VRC Oaks 2014: Ciaron Maher chases that lucrative Cup week rush

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4 Dec 2018

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For a fleeting moment on Tuesday, Ciaron Maher looked to the darkening western sky and thought, just maybe. But realistically, he knew Mr O’Ceirin’s long odds were about right when his rainy day prayers went unanswered.

He returns to Flemington on Thursday with genuine optimism for Set Square in the Oaks, and the prospect of revisiting the career high of a major Cup week success that announced his arrival as a trainer seven years ago.

Maher was 26 and based in Warrnambool with barely 10 horses in work, a motley crew of jumpers and tried gallopers nobody else wanted, when Tears I Cry changed his working life by winning the 2007 Emirates Stakes. “As a young trainer it definitely puts you on the map,” he says. “On the back of that I started to get some younger stock, some better bred stuff. It just opened doors.”

The industry was in the grip of equine influenza, with the public segregated on race days from those who had contact with horses. He fondly remembers asking his father if he had backed Tears I Cry not long before they jumped, and sending a mate to help him get on at a TAB machine in the trainers’ room.

Nikita Beriman booted the gelding home at 100-1. Vision of Anne McGrath going absolutely bonkers in the stands has become the template for where racehorse ownership can take you. “It was a good day,” Maher recalls.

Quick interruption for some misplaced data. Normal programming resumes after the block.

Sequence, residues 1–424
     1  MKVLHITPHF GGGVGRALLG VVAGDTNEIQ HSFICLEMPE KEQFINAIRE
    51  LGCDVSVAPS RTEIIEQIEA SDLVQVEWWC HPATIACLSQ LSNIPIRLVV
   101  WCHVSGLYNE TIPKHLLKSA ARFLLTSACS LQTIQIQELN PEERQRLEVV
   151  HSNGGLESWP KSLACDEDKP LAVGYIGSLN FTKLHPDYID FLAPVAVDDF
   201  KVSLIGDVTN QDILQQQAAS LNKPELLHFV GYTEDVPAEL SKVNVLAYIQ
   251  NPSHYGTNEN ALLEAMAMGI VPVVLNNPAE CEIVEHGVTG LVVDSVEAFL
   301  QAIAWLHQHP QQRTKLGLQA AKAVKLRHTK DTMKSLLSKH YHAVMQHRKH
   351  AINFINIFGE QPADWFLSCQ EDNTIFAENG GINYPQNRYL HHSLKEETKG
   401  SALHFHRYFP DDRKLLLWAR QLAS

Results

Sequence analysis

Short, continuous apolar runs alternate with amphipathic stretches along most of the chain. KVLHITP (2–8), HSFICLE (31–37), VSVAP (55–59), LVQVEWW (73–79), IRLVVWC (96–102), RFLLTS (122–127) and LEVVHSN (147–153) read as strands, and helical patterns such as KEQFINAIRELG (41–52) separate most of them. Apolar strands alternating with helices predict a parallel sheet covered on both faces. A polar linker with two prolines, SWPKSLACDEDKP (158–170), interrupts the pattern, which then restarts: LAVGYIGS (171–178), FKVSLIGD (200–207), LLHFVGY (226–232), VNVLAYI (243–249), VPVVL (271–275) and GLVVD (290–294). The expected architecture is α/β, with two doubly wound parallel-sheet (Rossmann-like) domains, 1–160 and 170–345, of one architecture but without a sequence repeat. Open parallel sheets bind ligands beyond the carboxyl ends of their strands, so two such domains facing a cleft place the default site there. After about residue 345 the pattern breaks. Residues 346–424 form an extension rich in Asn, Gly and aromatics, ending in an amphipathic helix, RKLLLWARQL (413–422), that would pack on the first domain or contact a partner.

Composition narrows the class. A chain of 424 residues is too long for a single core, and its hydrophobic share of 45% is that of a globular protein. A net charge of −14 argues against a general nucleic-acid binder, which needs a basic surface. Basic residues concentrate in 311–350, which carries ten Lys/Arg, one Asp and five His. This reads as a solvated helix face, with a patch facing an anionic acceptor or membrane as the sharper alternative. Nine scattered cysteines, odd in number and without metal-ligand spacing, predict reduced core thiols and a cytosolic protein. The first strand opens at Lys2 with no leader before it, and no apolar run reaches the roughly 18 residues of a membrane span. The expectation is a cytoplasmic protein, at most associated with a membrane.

He reckons he’s been lucky pretty much throughout his nine years as a trainer to always have a good horse, be it a jumper or a country cups winner. Now based at Pakenham and training out of Caulfield, his stable has enjoyed a good year thanks to jumpers Palmero and Bashboy, and the likes of Akavouron and Light Up Manhattan, which was a flying fourth in last Saturday’s Derby.

Set Square is a tantalising prospect, and enters just the fourth race of her career a $7.50 chance in Oaks betting.”She’s just been one out of the box really,” Maher says. “Every time we put a saddle on her she keeps improving.”

In her first start at Donald barely seven weeks ago, she was on and off the bit, raw and green when running third. Three weeks later she came from three deep at Ballarat 700 metres from home and was strong through the line in her maiden win. Then on Caulfield Cup day won again in the 2000-metre Ethereal Stakes.

Her improvement has emboldened Maher, and principal owner Ken King.

“Ciaron tells us she’s still improving, that she’s come on again since then,” King says. “He thinks she’ll run the 2500. If she’s still on the improve I think she’ll give it a very good shake from the gate [barrier two] with Hughie [Bowman] on board.”

King likes Maher’s straightforwardness, says having a good horseman who can communicate with owners ticks important boxes for a syndicator. He had Rinky Dink win an Australasian Oaks for Rick Hore-Lacy and Bon Hoffa a Rupert Clarke Stakes, but would dearly love to remember Cup week for something other than Skalato’s fourth in the 2000 Derby, after he had the Caulfield Guineas taken off him after a positive swab for an anti-inflammatory.

“It would be nice to grab an Oaks. That would satisfy my need after the Derby disappointment.”

Maher now has about 100 horses on his books, including 30 in work at Caulfield. He reflects on his first Melbourne Cup as “room for improvement”, and knows Set Square holds the potential to increase traffic to his door even further.

“[Tears I Cry] was great for getting my name out there, getting known in the industry amongst owners. To claim one of the big features over Cup week, now being based in Melbourne, that’s what you need to do,” he says.

“I’ve been training for nine years now. If I didn’t have some idea of what I’m doing by now, I probably never would.”

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